Elijah: Weary of Doing the Right Thing
Topic: Biblical Verse: 1 Kings 19:1–19:18
The Thirteenth Sunday after Pentecost • St. John's Lutheran Church
1 Kings 19:1-18
"Elijah: Weary of Doing the Right Thing"
Sometimes in the course of this life, we may become weary of doing the right thing. Have you ever found yourself in a situation in life where you have done your best to do the right thing - not necessarily the easy thing - only to find that it has actually worked against you? Instead of supporting you for doing the right thing, people have turned their backs on you. Instead of recognition or reward for doing the right thing, there is retribution and retaliation. If the system in which we live and work is corrupt or dishonest, then doing the right thing becomes increasingly difficult. It can happen in families, school, the work place, government, even in church. In short, it can happen anywhere. And it can lead to resentment and bitterness. Today, we encounter one such person who was weary of doing the right thing; who was burned out and without intervention would have gone into a terrible downward spiral. That person was Elijah the prophet. He is our "Portrait of Faith" for today, and so the theme for this message is "Elijah: Weary of Doing the Right Thing." May God's rich blessing rest upon the preaching, the hearing, and the living of his Word, for Jesus' sake.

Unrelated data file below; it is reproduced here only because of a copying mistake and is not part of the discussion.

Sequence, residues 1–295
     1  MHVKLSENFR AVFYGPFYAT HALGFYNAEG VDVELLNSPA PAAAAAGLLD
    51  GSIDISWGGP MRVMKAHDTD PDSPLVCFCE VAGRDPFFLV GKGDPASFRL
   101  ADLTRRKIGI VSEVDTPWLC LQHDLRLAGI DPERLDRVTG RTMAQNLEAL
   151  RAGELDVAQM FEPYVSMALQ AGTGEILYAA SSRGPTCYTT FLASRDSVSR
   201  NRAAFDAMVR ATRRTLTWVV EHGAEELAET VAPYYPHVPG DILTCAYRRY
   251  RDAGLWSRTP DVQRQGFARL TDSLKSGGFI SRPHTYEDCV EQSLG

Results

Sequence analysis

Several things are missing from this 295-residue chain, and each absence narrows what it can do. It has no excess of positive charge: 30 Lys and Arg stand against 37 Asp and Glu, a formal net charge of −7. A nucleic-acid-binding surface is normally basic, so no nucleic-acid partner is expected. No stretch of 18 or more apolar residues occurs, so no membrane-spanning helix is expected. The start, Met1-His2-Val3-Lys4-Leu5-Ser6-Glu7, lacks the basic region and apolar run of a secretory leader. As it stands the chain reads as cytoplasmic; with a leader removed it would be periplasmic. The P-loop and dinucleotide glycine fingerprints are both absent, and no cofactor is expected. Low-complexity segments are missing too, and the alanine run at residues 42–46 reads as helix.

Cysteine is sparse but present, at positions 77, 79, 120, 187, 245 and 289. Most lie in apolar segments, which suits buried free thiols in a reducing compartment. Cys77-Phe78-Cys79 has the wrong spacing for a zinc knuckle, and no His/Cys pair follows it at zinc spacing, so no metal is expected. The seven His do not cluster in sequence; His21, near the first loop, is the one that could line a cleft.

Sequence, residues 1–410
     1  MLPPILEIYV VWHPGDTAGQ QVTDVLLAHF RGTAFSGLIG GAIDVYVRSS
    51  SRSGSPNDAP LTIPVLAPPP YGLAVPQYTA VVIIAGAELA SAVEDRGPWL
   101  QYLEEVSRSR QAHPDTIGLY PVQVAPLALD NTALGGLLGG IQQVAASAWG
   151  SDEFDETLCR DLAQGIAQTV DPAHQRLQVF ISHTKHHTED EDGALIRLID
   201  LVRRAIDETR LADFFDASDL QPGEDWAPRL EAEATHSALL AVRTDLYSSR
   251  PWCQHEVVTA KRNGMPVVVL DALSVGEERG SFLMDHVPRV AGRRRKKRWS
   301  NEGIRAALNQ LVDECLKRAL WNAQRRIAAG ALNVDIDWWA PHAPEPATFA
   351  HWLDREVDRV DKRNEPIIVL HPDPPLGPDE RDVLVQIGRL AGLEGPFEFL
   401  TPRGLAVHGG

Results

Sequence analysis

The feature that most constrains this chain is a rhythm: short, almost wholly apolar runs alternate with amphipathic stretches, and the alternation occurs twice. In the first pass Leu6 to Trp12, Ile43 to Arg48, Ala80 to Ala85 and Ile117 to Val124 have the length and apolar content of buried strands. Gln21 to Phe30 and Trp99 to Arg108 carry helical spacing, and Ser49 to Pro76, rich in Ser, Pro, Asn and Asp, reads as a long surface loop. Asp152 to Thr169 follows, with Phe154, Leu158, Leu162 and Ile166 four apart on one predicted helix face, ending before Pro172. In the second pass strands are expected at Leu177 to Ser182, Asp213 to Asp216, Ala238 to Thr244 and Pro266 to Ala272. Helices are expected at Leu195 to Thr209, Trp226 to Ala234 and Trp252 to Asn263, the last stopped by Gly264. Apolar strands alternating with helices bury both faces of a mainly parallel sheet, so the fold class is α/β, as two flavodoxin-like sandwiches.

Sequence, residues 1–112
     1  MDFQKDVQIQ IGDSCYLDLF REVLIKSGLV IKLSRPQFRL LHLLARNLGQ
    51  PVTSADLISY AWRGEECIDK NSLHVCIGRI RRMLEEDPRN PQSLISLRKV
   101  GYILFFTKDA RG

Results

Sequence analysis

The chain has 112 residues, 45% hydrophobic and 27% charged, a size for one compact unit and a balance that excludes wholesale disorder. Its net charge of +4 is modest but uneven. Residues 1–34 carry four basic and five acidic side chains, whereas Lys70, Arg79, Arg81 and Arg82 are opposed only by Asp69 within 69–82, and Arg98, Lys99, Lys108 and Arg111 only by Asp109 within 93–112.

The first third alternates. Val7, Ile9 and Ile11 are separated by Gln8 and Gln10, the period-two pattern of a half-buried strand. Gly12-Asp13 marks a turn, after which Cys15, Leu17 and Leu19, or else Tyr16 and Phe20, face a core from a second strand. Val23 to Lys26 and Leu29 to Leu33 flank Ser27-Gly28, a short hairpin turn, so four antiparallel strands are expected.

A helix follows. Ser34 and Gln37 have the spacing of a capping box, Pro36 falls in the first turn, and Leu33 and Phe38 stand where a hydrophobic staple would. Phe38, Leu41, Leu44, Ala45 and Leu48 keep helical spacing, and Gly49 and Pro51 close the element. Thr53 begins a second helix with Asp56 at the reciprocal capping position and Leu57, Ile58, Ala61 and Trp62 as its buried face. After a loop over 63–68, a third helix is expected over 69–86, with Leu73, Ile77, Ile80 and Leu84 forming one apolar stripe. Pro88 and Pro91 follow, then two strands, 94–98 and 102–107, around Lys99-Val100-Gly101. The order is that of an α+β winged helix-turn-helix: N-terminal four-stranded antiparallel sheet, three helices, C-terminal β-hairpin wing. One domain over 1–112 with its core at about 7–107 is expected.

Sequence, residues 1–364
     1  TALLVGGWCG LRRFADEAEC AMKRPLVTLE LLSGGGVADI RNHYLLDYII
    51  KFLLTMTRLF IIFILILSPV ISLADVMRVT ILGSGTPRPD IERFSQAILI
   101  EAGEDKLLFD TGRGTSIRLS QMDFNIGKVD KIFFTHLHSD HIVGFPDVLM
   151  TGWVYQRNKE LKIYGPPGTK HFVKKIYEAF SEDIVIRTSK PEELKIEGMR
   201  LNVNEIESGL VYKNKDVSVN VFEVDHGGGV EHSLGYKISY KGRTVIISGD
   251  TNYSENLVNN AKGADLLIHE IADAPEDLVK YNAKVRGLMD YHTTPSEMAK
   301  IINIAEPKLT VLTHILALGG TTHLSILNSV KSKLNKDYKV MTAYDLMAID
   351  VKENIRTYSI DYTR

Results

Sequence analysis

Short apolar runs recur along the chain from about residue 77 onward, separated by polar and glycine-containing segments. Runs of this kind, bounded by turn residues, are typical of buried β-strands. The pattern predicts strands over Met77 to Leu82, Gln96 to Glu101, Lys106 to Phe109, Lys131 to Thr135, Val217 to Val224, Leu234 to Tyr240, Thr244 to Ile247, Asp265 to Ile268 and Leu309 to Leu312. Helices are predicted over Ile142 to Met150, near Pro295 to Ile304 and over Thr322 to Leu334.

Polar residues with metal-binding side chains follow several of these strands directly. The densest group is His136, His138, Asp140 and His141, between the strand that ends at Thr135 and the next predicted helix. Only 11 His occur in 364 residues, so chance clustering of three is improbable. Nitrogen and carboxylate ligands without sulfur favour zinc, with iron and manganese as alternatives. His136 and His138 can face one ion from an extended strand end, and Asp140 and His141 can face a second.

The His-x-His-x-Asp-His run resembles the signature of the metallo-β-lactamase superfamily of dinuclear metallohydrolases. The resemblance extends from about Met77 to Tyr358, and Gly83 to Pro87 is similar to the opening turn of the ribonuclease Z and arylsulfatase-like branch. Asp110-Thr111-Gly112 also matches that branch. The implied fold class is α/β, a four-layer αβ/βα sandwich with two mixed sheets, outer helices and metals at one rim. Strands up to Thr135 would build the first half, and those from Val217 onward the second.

It may come as a surprise to think that such a pillar of faith, a prophet of the Lord God, like Elijah would become weary of doing the right thing. And this is exactly why it's so important for us to focus on this topic today. People of Scripture like Elijah are not carved in marble or etched in stained glass. They were just like us: flesh and blood people who experienced all the ups and downs of life that human beings are prone to. Although he certainly was a man of great faith, Elijah was, like us, a sinful human being. We see him at his lowest point in the Scripture lesson for today: beaten down, depressed, so weary of doing the right thing that he wanted to die. In fact, that's exactly what he asked God for: "It is enough; now, O Lord, take away my life, for I am no better than my fathers" (1 Kings 19:4).